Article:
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Facebook places focus on snackable content as Mark Zuckerberg lays out video ambitions


By Rebecca Stewart, Trends Editor

February 2, 2017 | 4 min read

Facebook founder and chief Mark Zuckerberg has outlined the company's ambitions to become a destination for premium shot-form, YouTube style video.

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Facebook plans to invest heavily in 'snackable' content says Mark Zuckerberg as he lays out video ambitions / Facebook

Speaking during Facebook's quarter four earnings call yesterday (1 February) the tech boss described video as "a mega trend on the same order as mobile," and said Facebook would be looking for new ways to grow its video ecosystem over the coming years.

As it doubles down on video the social network will roll out its dedicated video tab globally. The button currently sits at the bottom of the Facebook app for all US users, and when clicked opens a video discovery hub where they can view live streams from around the world and content from their friends. Facebook will also both pay creators up front and through ad revenue schemes to get their content into its news feed and on the tab.

Earlier this week it was claimed that Facebook is looking to develop a custom app for TV set-top boxes. Zuckerberg didn't address the reports directly but hinted at a slow move toward longer form, with a focus first of all on snackable videos.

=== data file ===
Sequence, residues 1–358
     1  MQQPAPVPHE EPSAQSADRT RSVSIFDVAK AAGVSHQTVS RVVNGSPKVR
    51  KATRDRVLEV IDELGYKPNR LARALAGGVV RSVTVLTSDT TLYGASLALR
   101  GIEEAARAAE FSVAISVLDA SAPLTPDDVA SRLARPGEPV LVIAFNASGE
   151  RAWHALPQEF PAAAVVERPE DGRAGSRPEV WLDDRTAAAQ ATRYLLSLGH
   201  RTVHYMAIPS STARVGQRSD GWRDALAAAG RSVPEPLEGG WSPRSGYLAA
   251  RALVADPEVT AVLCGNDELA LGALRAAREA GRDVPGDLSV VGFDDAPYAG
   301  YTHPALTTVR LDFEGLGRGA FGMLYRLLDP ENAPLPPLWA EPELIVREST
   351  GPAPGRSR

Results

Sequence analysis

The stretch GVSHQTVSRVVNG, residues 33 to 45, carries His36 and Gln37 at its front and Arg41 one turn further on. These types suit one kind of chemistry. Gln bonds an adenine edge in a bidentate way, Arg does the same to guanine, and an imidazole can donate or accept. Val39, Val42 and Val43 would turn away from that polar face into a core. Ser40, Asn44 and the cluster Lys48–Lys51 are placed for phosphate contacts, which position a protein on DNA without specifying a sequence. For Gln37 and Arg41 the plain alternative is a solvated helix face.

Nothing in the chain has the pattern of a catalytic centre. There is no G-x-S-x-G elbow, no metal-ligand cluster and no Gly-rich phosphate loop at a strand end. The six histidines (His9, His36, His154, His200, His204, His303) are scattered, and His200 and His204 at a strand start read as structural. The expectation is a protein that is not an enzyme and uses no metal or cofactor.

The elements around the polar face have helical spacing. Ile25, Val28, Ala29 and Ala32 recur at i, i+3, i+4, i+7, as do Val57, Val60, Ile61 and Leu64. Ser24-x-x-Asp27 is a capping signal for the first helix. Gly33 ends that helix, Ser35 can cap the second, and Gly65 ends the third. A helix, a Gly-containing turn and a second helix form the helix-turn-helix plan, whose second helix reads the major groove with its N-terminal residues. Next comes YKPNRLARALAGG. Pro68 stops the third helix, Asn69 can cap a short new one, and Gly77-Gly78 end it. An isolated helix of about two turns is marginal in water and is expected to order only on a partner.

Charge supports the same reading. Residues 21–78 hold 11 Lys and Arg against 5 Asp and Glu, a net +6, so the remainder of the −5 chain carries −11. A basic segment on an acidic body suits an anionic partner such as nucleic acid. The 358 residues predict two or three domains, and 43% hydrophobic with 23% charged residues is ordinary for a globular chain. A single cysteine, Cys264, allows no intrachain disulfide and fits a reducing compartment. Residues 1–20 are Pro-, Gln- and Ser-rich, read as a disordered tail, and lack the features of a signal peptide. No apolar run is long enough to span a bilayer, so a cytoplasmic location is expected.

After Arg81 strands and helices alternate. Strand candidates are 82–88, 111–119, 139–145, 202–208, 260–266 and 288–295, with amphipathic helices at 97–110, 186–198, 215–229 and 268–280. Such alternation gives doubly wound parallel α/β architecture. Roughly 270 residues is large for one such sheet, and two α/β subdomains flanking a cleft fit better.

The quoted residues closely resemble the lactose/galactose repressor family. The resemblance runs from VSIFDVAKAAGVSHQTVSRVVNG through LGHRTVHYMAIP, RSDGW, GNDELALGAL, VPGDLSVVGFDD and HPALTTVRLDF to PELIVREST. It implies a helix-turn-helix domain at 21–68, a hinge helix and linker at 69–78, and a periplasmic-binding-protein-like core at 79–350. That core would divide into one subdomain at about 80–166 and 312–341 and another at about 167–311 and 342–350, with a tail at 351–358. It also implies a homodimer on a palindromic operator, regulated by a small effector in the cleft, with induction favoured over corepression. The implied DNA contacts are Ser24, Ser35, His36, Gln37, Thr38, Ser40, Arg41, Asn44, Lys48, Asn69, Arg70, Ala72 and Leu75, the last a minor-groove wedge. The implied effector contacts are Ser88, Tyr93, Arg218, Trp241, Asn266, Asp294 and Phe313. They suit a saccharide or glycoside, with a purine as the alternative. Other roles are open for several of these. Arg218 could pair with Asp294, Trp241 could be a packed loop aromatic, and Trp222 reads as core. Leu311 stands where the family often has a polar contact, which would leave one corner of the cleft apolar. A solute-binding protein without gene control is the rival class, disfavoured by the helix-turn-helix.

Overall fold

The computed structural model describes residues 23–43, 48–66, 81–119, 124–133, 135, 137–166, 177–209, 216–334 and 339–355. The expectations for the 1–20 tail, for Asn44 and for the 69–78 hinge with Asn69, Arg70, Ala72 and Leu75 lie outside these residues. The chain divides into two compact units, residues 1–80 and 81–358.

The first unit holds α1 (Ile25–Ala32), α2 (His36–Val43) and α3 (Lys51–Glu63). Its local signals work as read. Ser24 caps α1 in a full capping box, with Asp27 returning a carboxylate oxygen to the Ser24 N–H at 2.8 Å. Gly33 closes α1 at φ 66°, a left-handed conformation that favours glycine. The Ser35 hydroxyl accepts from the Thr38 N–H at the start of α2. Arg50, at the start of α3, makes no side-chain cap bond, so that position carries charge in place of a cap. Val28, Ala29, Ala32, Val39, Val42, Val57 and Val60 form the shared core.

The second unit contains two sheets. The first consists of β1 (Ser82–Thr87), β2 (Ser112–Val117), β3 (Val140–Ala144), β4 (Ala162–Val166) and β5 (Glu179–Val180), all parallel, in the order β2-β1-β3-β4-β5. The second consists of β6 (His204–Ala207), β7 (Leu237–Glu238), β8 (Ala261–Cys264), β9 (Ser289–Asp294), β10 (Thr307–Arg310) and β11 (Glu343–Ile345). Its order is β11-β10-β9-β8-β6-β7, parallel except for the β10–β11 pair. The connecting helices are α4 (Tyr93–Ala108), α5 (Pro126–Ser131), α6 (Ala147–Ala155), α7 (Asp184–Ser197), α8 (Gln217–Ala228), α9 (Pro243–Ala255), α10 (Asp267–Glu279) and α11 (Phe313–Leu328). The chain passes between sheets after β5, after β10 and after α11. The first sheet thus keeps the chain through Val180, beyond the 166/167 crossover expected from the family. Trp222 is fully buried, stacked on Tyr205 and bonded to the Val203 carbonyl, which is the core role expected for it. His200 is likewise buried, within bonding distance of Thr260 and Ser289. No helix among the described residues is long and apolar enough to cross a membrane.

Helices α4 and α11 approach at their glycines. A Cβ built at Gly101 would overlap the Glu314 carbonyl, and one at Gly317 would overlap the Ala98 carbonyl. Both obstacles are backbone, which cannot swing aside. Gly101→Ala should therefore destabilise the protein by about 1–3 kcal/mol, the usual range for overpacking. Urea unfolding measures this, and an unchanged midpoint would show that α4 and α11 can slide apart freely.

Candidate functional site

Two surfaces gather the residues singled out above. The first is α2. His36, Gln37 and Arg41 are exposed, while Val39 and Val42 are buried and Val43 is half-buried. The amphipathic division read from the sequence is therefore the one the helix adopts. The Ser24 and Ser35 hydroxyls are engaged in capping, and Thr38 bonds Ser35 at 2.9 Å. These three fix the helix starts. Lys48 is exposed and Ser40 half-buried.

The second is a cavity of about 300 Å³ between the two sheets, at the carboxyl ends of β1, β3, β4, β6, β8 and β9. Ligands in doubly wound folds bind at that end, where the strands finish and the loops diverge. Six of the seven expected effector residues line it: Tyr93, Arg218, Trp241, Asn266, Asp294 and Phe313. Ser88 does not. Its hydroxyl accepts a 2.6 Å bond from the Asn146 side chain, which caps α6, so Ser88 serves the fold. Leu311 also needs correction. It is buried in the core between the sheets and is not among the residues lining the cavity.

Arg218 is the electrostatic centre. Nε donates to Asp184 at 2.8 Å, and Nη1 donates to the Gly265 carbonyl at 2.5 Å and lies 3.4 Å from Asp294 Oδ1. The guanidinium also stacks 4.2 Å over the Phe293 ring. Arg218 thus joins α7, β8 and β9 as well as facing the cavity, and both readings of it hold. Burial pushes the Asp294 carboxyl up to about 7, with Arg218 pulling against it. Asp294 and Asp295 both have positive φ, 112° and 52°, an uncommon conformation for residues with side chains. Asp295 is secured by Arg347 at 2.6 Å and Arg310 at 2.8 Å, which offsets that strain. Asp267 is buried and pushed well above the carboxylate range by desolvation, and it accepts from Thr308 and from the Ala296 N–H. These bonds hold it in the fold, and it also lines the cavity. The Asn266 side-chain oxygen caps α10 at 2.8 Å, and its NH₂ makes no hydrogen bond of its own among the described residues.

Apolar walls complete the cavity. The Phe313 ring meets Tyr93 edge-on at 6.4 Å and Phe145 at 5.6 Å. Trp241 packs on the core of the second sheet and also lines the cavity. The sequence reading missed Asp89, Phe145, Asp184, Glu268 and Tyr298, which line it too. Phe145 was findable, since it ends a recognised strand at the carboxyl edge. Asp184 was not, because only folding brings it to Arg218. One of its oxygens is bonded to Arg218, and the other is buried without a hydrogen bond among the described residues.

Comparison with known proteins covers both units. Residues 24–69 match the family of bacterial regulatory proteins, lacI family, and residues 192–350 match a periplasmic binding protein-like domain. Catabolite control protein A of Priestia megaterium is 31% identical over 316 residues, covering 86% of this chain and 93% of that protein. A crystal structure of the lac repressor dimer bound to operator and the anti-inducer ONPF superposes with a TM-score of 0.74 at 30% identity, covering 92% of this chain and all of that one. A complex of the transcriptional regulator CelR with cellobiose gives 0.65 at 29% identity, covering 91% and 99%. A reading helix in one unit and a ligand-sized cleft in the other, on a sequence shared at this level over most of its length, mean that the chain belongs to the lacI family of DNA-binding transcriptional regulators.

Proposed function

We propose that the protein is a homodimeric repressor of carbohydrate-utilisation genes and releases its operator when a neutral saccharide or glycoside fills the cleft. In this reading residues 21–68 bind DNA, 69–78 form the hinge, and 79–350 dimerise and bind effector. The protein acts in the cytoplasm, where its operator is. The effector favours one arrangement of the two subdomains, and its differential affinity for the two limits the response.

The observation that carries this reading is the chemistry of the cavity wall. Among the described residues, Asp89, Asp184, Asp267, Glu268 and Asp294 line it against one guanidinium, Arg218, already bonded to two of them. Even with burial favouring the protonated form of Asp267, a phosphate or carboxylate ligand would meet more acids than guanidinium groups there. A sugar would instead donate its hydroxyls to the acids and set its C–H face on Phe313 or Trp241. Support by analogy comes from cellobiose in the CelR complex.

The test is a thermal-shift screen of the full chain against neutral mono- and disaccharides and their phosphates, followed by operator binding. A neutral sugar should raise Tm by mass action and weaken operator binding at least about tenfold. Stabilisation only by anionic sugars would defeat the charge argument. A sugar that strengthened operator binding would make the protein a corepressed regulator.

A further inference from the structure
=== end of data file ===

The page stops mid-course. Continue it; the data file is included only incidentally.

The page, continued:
"We're focusing more on shorter form content to start. So the thesis that we have now is that there are different parts of short-term content. There is the type of content that people produce socially for friends," he told investors.

The rumour mill has been in full spin over claims Facebook is pushing publishers to create long-form premuim content as part of a wider initiative led by Facebook's head of global creative strategy and former CollegeHumour founder Ricky Van Veen.

While Zuckerberg told investors that he believes people will "experiment with longer form of video as well and all kinds of different things," in the future for now the primary focus was on short, sharable videos.

The social behemoth's chief financial officer David Wehner said that to "kick start," the video push Facebook would be looking for a wide range of content for which it will pay creators up front. However, he added that Facebook's model "is really oriented towards revenue share with creators," so it won't be all about big deals with publishers, celebrities and other businesses.

Facebook confirmed last year it was trialing mid-roll ads on its Live platform and it was claimed to be testing them across the board. However, when probed on the opportunities and challenges facing the company in terms of supporting its fresh video approach, Facebook chief operating officer Sheryl Sandberg said: "In terms of monetizing, some of our newer attempts at products and news feeds such as ad breaks, those are really in early experimental stages and for now we’re really focused primarily on our core business – our core ads product – of which video is one."

Facebook's Q4 update beat analysts' estimates, with ad revenue growing by 53% to $8.81bn. The social network now boasts 1.86bn monthly active users worldwide.

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